Her protective uniform includes goggles and a face shield to help protect against tear gas. She wears a surgical mask as an extra protective layer against the gas reaching her mouth and throat. The mask is important, too, as a standard line of defense during the coronavirus pandemic.

“I’m just a pastor but it feels like I’m suiting up for war,” said Douša. “People I’ve been supporting have seen the tear gas and the violence.”

Douša has helped peaceful protesters by bailing them out of jail and accessing medical attention. She noted one instance in which a woman was shoved by a police officer, hit her head and had a serious seizure.

What to do if you’re exposed to tear gas

If you’re participating in a demonstration for the first time, you should be prepared for tear gas.

If it’s deployed, keep a level head, according to the Street Medic Guide, a document published by the Paper Revolution collective, which emerged from the Occupy Wall Street movement in early 2012.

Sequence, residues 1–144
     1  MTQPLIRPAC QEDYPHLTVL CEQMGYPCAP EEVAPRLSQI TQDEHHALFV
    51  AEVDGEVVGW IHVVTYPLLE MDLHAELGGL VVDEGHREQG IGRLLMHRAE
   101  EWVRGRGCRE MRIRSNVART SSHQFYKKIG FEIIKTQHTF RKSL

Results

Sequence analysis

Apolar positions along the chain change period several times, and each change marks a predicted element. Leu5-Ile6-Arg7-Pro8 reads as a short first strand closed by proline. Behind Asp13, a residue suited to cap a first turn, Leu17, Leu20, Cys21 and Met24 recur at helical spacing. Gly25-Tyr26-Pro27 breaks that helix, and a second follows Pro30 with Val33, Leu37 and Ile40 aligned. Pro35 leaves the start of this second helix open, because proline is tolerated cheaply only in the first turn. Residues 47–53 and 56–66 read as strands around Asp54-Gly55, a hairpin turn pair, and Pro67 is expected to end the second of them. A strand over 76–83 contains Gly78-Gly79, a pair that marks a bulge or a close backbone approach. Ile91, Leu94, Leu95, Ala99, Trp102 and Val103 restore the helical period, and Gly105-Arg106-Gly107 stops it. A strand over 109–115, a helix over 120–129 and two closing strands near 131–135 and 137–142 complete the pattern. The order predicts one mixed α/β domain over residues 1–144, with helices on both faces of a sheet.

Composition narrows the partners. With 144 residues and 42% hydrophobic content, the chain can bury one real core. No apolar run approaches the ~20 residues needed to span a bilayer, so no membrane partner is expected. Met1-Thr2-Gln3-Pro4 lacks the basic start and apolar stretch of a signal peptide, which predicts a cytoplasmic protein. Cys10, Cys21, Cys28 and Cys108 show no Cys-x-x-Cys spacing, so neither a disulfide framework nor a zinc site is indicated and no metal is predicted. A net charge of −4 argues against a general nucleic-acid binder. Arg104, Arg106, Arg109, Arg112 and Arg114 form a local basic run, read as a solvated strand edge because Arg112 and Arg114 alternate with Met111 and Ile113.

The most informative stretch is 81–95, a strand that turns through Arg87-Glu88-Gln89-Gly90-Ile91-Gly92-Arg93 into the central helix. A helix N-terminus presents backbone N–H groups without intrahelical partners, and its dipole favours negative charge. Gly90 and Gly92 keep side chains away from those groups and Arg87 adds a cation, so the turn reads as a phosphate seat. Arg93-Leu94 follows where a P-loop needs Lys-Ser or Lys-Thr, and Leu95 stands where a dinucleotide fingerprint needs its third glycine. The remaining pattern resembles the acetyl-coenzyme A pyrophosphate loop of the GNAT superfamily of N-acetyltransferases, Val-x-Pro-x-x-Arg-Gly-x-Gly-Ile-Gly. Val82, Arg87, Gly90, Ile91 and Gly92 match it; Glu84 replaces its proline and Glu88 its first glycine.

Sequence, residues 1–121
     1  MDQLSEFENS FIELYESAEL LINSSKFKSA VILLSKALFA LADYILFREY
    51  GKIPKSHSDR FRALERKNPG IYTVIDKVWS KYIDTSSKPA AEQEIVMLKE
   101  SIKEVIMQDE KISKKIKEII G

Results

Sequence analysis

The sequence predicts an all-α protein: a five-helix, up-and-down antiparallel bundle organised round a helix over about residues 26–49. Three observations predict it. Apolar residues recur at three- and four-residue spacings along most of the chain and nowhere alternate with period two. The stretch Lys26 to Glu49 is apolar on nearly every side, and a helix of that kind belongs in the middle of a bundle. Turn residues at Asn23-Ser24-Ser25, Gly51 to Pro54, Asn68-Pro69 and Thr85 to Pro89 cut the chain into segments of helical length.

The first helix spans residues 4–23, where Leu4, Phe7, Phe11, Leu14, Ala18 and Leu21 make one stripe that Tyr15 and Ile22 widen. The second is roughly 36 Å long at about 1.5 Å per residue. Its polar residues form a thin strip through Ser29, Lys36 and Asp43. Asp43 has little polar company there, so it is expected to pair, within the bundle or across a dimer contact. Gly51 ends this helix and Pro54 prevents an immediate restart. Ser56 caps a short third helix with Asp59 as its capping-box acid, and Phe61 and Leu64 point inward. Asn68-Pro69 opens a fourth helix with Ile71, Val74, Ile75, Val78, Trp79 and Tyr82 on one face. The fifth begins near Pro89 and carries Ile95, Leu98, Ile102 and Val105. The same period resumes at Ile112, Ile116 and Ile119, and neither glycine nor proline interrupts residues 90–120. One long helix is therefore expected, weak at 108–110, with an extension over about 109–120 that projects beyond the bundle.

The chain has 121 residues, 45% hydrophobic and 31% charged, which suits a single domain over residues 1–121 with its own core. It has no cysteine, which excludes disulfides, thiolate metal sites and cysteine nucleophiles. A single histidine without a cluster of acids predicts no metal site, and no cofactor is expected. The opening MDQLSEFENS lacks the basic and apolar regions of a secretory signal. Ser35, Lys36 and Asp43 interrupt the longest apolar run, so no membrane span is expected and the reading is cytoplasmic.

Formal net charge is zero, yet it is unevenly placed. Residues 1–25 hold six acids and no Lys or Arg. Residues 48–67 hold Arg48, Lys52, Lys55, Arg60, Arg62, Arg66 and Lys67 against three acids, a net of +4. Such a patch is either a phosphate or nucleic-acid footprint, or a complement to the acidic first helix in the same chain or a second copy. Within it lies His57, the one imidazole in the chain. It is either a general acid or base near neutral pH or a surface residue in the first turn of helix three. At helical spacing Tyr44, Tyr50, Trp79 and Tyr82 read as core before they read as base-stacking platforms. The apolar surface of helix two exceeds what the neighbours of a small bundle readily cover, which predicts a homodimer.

After removing yourself or the affected person from danger, the handbook says that you can apply a liquid antacid and water mixture that includes is a 50/50 mixture of water and either magnesium hydroxide and aluminum hydroxide. The mixture can be applied to the eyes, face and any exposed and irritated area.

It recommends the same treatments to alleviate irritation stemming from exposure to the capsaicin in pepper spray.

The Street Medic Guide notes that milk can immediately relieve the burning sensation if the first option isn’t available. Another option is a mixture of water and sodium bicarbonate (baking soda).

Baking soda is cheaper and easier to transport and store than refrigerated milk, and can be mixed with water wherever you are.

First aid and clean up

Sam, the young woman protesting in Atlanta, was prepared and used milk of magnesia on her skin and eyes, then quickly rinsed with water. The commonly available laxative is an alkaline suspension, which means that it can neutralize acids, such as tear gas, when it comes in contact with them.